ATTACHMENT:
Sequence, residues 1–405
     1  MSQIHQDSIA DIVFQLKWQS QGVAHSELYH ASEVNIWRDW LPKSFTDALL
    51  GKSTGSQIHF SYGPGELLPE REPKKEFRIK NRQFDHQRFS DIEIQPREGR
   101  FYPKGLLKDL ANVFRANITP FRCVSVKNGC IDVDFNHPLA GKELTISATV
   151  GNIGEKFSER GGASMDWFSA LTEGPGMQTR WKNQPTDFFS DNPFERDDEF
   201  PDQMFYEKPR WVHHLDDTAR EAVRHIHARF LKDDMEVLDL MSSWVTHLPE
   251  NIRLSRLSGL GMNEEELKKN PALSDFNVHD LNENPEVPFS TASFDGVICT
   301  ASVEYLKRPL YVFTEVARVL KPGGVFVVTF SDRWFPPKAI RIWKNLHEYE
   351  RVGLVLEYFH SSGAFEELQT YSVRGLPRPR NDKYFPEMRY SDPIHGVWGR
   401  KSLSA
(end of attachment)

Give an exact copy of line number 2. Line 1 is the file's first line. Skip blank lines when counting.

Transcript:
     1  MSQIHQDSIA DIVFQLKWQS QGVAHSELYH ASEVNIWRDW LPKSFTDALL